A consensus conference sponsored by the National Institutes of Health and the National Tuberous Sclerosis (TS) Association in July 1998 provided a revised list of diagnostic criteria of TS. The major and minor features are as follows: Major features: facial angiofibromas, ungual fibroma, >3 hypomelanotic macules, shagreen patch, retinal hamartomas, cortical tuber, subependymal astrocytoma, cardiac rhabdomyoma, lymphangiomyomatosis, renal angiomyolipoma.

Minor features: dental enamel pits, rectal polyps, bone cysts, white matter migration tracts, gingival fibromas, nonrenal hamartoma, retinal achromic patch, confetti skin lesions, multiple renal cysts.

Definite TS Complex: 2 major or 1 major with 2 minor features.

Probable TSC: 1 major and 1 minor feature.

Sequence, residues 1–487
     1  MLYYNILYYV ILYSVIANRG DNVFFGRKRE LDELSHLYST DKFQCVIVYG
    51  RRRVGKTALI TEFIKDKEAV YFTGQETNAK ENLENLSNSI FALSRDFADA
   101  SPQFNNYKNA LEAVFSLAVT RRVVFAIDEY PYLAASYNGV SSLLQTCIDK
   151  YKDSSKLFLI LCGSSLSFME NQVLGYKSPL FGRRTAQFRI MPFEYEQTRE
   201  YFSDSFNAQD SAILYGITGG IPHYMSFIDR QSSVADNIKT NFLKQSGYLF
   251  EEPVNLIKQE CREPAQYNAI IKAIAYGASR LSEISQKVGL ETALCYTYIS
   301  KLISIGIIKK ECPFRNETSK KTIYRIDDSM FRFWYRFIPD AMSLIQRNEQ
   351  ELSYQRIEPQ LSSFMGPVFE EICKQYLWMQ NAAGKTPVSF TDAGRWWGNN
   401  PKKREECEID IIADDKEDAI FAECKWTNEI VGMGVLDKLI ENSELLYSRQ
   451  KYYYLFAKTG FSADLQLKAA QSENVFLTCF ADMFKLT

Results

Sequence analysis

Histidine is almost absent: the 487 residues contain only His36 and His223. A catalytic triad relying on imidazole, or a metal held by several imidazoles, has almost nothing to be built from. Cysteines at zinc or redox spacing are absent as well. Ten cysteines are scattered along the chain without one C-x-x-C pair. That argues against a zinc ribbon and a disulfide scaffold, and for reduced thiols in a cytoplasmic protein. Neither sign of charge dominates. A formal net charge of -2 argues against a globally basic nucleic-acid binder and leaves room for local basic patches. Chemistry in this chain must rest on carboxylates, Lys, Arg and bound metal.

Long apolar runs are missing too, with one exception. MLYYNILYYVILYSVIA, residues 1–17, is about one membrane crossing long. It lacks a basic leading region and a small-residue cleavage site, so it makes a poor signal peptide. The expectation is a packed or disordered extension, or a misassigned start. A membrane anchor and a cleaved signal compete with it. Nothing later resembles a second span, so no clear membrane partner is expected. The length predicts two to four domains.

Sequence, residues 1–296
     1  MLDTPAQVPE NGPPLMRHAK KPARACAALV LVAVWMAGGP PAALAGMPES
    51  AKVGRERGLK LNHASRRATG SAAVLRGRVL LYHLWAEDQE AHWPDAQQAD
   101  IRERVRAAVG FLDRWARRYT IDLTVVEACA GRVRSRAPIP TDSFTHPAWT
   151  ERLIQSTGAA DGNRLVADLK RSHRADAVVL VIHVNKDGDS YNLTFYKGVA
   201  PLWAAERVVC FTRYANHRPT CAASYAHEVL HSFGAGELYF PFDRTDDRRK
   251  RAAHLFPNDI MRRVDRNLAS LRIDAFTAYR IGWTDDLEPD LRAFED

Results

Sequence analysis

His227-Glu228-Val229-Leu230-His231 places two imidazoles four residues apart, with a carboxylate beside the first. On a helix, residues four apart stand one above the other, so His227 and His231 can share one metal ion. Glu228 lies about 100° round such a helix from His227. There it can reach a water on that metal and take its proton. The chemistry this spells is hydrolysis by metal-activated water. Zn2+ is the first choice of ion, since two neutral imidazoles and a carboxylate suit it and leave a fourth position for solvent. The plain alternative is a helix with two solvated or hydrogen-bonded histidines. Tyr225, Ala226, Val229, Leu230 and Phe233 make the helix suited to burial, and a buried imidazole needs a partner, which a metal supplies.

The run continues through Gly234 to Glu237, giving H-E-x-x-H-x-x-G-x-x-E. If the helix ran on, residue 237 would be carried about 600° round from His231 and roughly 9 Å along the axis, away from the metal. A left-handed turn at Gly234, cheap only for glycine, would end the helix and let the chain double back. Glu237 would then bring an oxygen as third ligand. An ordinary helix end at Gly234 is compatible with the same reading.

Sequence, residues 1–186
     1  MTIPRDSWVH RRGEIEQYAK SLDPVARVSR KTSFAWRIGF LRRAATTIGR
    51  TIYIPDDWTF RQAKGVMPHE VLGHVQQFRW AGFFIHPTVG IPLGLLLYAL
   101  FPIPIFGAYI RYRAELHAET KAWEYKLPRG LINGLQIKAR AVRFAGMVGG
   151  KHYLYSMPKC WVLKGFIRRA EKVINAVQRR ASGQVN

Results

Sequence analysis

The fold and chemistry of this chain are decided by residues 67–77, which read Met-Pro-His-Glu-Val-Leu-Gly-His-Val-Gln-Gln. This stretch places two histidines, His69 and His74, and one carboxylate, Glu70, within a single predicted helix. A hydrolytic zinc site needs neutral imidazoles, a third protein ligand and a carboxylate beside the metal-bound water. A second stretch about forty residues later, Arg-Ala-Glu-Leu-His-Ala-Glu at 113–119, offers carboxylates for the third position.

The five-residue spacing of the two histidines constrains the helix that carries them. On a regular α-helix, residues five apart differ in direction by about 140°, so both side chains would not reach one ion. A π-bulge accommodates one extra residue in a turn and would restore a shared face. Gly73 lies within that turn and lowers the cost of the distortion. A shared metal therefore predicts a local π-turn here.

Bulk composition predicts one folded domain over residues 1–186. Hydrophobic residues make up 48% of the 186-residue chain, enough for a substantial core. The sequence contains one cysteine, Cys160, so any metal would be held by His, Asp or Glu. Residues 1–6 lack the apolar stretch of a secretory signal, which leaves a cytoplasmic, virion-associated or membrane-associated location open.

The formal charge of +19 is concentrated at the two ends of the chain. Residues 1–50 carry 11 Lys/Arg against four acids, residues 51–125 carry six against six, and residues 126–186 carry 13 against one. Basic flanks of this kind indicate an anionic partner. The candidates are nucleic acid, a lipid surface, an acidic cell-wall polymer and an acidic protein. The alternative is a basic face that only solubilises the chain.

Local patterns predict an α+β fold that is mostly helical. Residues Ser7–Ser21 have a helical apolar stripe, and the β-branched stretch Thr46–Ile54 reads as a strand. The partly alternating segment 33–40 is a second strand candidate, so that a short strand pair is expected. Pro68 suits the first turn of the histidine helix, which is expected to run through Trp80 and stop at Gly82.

Possible TSC: 1 major feature or 2 or more minor features.

The diagnosis of TSC is frequently made on dermatological evidence, and examination with UV light is used in screening asymptomatic relatives. Genetic criteria are not included and genetic testing is unavailable. Two genes account for TSC, TSC1 found on chromosome 9, and TSC2 on chromosome 16, both transmitted as autosomal dominants. Affected children of asymptomatic parents are explained by germline mosaicism. Sporadic cases make up two thirds of TSC patients, and 75% are caused by TSC2 mutations. [1]

COMMENT. Dermatological features are important among the diagnostic criteria for tuberous sclerosis complex. Four major and 1 minor required criteria are dermatologic. Renal and retinal hamartomas are also major diagnostic features. Genetic criteria are not included in the list of diagnostic features.